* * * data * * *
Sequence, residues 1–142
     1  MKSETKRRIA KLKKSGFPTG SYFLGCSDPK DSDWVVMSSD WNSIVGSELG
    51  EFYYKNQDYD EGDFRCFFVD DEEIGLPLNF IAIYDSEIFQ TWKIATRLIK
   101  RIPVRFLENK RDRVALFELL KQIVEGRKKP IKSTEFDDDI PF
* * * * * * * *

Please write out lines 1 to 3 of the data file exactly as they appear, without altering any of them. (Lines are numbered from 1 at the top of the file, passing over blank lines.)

Sequence, residues 1–142
     1  MKSETKRRIA KLKKSGFPTG SYFLGCSDPK DSDWVVMSSD WNSIVGSELG
    51  EFYYKNQDYD EGDFRCFFVD DEEIGLPLNF IAIYDSEIFQ TWKIATRLIK